With fluorosis rates skyrocketing and studies continuing to show that fluoride is both neurotoxic and not particularly effective at preventing cavities, a lot of attention is focused on a lawsuit that’s finally headed for the US District Court in San Francisco.
The twice-delayed trial involves a group of plaintiffs – plaintiffs led by the Fluoride Action Network (FAN) – who are suing the EPA to end the 75 year old practice of adding fluoride to public water systems. Federal judge Edward M. Chen will preside over the case, set to begin June 8.
FAN’s executive director, Dr. Paul Connett, recently hailed the judge’s recent ruling that the purported benefits of community water fluoridation can’t be introduced as part of the trial. Connett says this keeps the focus where it belongs: on recent scientific studies.
“This case is groundbreaking for the opposition to fluoridation,” Connett said in a news release.
Several well-conducted and government funded mother-offspring studies indicate that fluoride has the potential to lower the children’s IQ. These studies have changed the ball-game on the argument over fluoride’s neurotoxicity.
Three experts for the plaintiffs who the EPA sought to exclude from the trial have been cleared by the judge to testify: Dr. Philippe Grandjean of Harvard and the University of Southern Denmark, Dr. Howard Hu of the University of Washington, and Dr. Bruce Lanphear of Simon Fraser University in British Columbia.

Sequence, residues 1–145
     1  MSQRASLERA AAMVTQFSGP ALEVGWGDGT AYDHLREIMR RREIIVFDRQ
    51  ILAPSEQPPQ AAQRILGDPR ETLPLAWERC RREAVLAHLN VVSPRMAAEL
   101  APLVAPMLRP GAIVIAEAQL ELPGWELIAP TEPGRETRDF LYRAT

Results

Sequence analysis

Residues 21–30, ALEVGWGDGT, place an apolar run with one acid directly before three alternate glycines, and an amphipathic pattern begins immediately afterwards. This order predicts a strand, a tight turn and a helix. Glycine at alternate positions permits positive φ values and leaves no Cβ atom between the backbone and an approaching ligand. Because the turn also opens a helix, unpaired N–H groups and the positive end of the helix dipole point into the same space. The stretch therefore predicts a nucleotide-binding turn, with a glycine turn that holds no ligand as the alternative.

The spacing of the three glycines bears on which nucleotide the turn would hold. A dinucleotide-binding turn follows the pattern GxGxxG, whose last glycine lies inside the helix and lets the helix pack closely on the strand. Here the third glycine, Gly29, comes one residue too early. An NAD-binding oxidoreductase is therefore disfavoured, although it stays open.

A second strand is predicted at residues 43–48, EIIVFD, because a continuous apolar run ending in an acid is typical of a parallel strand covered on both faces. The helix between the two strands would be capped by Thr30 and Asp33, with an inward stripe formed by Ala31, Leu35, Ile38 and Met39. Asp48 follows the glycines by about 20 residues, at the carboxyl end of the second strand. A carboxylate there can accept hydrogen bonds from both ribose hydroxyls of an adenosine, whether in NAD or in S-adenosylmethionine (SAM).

According to Michael Connett, lead attorney for the plaintiffs, these scientists are “some of the world’s leading experts on fluoride’s neurotoxicity.”
Of course, the EPA will be bringing in its own experts, including Ellen Chang, ScD and Joyce Tsuji, PhD, from the consulting firm Exponent, a company that opponents claim “routinely bends conclusions to the needs of clients.” The company’s forte, critics say, is
muddying the waters by attacking research showing evidence of harm, highlighting or exaggerating scientific uncertainties about health hazards, and calling for more research to delay action. The result, critics say, is a pro-industry imprint on scientific literature.
David Michaels, who headed OSHA from 2009 to 2017, has also criticized Exponent and several of its “science-for-hire rivals” in his 2008 book Doubt Is Their Product: How Industry’s Assault on Science Threatens Your Health.
Exponent’s scientists are prolific writers of scientific reports and papers. While some may exist, I have yet to see an Exponent study that does not support the conclusion needed by the corporation or trade association that is paying the bill.
Due to COVID-19, the fluoridation trial will be run by video conference and last just 2-weeks. And while details have yet to be shared, by law, the court case must be accessible to the public. Once we know how and where you can view the trial, we’ll be sure to let you know.
Maybe we’ll all be able to witness history in the making as fluoridation finally gets struck down!